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Advertising: What
National Advertisers
Know That You Donít

Secrets of Advertising - Part 1

by Ron Manera, Editor

Why does SONY or Office Depot or Best Buy spend millions putting their name on the side of stock cars? Why does Goodyear float that big blimp over football games and golf tournaments?

Have you ever once had the urge to run over to Office Depot after the race and pick up some office supplies? Or stop by Goodyear after a football game and grab some tires? If not, whatís the point? Arenít these companies wasting their money?

Even more confusing, the race car says absolutely nothing about Office Depot. It doesnít say "we have great products." It doesnít say, "we have low prices." It doesnít say, "we have convenient location." Most likely there is nothing in or about that race car that has anything to do with Office Depot.

And there are no tires on the blimp!

What do these giant companies know about advertising that you donít? Itís the power of name recognition - a key element in branding.

One theory of branding dictates that a prospectís buying decision is greatly helped along by multiple positive exposures to a company name Ė sometimes hundreds or thousands of them.

You go to a major league baseball game and see a SONY sign on the wall. You donít think much about it, in fact you probably would never remember seeing it, but when you go to buy a TV months later, that brand has been reinforced in your mind and it becomes a powerful motivator when looking at two TVs Ė and one is a SONY.

Thatís why big companies spend millions on name recognition ads that are never going to close a sale Ė but certainly do help grease them.

Advertisers with smaller budgets tend to want ads that are going to generate immediate sales.

This is understandable. We just spent some hard-earned money on an ad and we want that phone to ring! "Call to action" ads, they are often called - since they are to incite a prospect to buy something NOW!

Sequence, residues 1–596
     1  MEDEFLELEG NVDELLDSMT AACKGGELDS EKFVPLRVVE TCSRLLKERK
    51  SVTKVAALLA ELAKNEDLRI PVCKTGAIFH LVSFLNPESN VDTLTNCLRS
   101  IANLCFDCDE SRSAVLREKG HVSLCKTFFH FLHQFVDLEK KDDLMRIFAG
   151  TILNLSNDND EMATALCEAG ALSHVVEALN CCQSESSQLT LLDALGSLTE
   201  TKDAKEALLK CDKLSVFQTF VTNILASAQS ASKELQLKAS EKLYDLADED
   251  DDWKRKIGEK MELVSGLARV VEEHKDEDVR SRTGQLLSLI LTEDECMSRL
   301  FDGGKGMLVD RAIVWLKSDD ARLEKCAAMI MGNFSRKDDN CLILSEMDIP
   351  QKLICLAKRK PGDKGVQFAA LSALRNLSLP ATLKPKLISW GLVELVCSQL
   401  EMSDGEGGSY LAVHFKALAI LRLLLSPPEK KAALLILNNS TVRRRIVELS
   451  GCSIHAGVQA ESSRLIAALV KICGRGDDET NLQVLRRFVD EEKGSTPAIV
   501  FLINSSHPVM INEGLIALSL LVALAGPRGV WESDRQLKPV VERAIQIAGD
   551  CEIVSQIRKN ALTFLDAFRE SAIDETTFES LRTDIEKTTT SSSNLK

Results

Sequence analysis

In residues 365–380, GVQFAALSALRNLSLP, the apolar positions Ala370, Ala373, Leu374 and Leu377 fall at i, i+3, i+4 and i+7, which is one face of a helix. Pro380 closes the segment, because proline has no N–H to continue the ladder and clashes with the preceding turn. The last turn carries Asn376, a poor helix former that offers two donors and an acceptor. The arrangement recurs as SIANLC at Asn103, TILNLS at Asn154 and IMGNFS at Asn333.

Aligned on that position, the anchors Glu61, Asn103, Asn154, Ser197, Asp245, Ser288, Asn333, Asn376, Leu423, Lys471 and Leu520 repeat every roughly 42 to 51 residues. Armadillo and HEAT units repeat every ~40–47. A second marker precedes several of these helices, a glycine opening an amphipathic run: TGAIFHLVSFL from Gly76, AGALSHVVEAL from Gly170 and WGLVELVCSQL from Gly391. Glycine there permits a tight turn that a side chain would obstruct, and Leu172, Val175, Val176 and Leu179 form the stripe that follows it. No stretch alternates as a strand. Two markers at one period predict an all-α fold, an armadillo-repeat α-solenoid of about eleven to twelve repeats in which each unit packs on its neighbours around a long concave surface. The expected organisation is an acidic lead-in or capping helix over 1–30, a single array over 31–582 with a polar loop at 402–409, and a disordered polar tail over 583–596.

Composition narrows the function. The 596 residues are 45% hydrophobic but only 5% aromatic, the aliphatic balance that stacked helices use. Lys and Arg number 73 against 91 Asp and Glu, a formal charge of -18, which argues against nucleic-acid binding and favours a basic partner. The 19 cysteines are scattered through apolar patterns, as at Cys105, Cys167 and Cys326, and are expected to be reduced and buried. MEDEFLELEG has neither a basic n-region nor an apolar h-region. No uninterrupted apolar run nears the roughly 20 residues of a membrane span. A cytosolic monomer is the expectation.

We want that instant gratification - itís how we evaluate our advertising - but itís often a mistake. We fail to take into account two big factors: First, the prospect may not be in the market "now." Second, we forget the longer-term benefit of name-recognition branding.

Take an insurance agency, for example. They run an ad package that costs $2,000. At the end of the 30 day "call now" campaign, they can only identify $1,200 worth of commission that came directly from the ad - nowhere near the break-even point. Was the ad campaign a mistake?

They need further analysis. First, only 1 of 12 readers/listeners, statistically, had a renewal coming up in the month of the campaign. (assuming all 12 month policies) Did that mean the ad was wasted on the other 92% of the prospects? Of course not. It could be assumed that a certain percent of prospects will continue to respond to the campaign, having noted it while it was running.

But the big benefit of the campaign may never be understood by the advertiser or attributable to the campaign: name recognition. Many of the prospects that may have been exposed to the ad campaign had the name of that business plugged into their mental database.

Five months down the road, one of those prospects does a Google search for a local insurance agency. None of them sound familiar - except one, because heís heard the ad - and thatís the one he calls and thatís the one that earns the business. When the insurance agency asks, "How did you hear about our agency," the newly insured says, "I found you on the Internet."